Mascot for #DevilDiss

Mascot for #DevilDiss
Mascot for #DevilDiss

Sunday, May 3, 2015

Grad Students and Social Media

A conversation earlier today got me thinking. It's original topic was something else but a tangent was about academics on social media, how and when they felt the need to censor, and in one case what appeared to be an appalled reaction to grad students on social media.
Which I will admit I had a knee jerk reaction to. I've written a couple of posts on why I think it's important for grad students to be on social media (End of Year Review: Epiphany by Happenstance and How Twitter Affected My Academic Life (part 2)).

I think for grad students, particularly PhD students cultivating an online presence is important.
  • It allows you to craft how you want to be presented and perceived.
  • It teaches you how to market your work and yourself.
  • It allows you to share your work, from inspiration, to conference paper and presentation, to publication with scholars that you might not have a chance to know outside of social media.
  • It widens your network of peers and colleagues.
Personally, I've been asked to participate at conferences, chair panels, finish a book chapter for someone who dropped out, write a book chapter, and submit an article, all because of my presence on social media.

I post what I'm working on. My dissertation has a hashtag (#DevilDiss). I post conference presentations. And drafts. And random thoughts about folklore, fairy tales, medieval and early modern literature and popular culture. I link to this blog, and other online essays I write. As a grad student I also think it's important to share that experience, the good and the bad.

I am present online in every sense of the word.

So when I read things like "grad students on social media make me cringe," or "they shouldn't be on it at all pre-tenure," I practically go into convulsions. It seems an antiquated, and biased thought, the equivalent of saying
as though younger scholars either have nothing to add to the conversation OR should know their place and keep their mouths shut. The same seems to apply in these people's arguments to adjunct or contingent labor And I just can't support that.

While I keep Twitter mostly professional, there is the occasionally tweet and picture of my dog, or my craving for caramel salted ice cream. Because I'm a human, and not a bot. But I do not censor or hide the fact that I'm a feminist. Or a Marxist. Or am deeply committed to the grad school apocalyptic situation and labor practices.

I overheard a conversation earlier this semester that someone had said to a professor that they were "the wrong kind of activist." And I suppose part of the reason that struck me is because I can see myself being classified that way. I speak my mind, I ask hard questions, and I don't let things go if I think they are important.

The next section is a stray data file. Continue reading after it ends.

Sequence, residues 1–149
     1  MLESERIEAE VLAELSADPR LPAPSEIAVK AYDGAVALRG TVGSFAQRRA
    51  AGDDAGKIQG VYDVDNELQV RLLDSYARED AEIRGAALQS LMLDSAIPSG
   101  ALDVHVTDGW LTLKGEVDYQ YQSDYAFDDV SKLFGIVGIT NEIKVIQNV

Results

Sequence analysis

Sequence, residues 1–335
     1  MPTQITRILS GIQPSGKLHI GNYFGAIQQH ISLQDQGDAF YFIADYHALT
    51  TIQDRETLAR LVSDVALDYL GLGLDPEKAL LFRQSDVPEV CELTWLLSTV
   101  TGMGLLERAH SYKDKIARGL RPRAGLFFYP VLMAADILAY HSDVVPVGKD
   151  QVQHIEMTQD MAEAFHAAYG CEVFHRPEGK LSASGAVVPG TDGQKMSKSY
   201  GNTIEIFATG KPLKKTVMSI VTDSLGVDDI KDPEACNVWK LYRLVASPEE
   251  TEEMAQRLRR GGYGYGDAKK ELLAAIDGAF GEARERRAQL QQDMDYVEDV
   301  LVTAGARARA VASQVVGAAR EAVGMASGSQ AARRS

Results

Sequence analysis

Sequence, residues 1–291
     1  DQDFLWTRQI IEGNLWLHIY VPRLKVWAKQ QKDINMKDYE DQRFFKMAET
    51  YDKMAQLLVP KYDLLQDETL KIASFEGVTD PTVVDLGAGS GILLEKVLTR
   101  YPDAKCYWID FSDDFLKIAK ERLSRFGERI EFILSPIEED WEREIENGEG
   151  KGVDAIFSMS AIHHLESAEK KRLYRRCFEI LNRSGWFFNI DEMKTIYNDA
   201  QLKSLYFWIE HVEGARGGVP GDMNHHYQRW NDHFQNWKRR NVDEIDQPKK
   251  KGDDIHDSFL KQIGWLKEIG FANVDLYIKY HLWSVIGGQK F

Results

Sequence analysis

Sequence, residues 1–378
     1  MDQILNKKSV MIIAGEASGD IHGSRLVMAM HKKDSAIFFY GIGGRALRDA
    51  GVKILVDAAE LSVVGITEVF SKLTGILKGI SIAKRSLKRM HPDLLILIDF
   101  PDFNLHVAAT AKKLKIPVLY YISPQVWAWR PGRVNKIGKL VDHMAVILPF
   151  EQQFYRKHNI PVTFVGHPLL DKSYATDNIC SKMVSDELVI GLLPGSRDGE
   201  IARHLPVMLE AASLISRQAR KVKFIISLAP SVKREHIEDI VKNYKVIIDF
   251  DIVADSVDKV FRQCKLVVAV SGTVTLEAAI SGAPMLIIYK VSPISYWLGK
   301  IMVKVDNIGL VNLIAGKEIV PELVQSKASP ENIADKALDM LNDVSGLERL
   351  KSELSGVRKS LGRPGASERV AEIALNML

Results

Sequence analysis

I've been known to use this as a tagline in standing up for issues and people and against others:
And I don't see any reason why I shouldn't.

I've had a job where I had to keep my mouth shut for fear of losing my job due to opinions and I won't do that again. No job is worth me not being able to be me.

I certainly agree that if you're interacting on a professional level with people (particularly people you don't know WELL) then you should act as a professional. But that's just common sense, that's not advice limited to a social media presence.
I had one person for years I used as an object lesson to my students of how NOT to be on social media because practically every picture of them showed a drink in their hand, and they posted more than once about not going to work because they didn't feel like it. That's just dumb. If you're not Googling yourself, and monitoring the content you make available in this day and age you're an idiot.
But that was not the tone of the conversation I saw this morning.

I think (maybe) part of the conversation that sparked all this had some concern over early career scholars shooting themselves in the foot and possible ruining already slim job market chances. And I get that. There are scholars I've unfollowed or muted because their feed is nothing but too much personal information, or is constantly complaining, or trashing their colleagues or places of work. I imagine these posts and this image have or will hurt their job chances. I know I wouldn't want to work with those type of people. But again, that's not because they're grad students or early career scholars, it's because they are acting unprofessionally.

I am old enough to know exactly who I am. While my online presence is professional, it's tailored for audience, not censored. Even my Facebook which is actual-real life-know-what-they-look-like-in-person friends, is mostly just what my dog Nehi did on any given day.
What you see is what you get.
So when I'm on the job market this upcoming year, either they hire me or they don't. They like me, or they don't. I'm considered a good fit. Or I'm not.
I don't have any control over that. And I'm certainly not going to tie myself into knots trying to be something I'm not to try and get there. It's not worth, nothing is.
And nobody should be expected to.
So I think I'll stick to my character, and let everything else just sort itself out.

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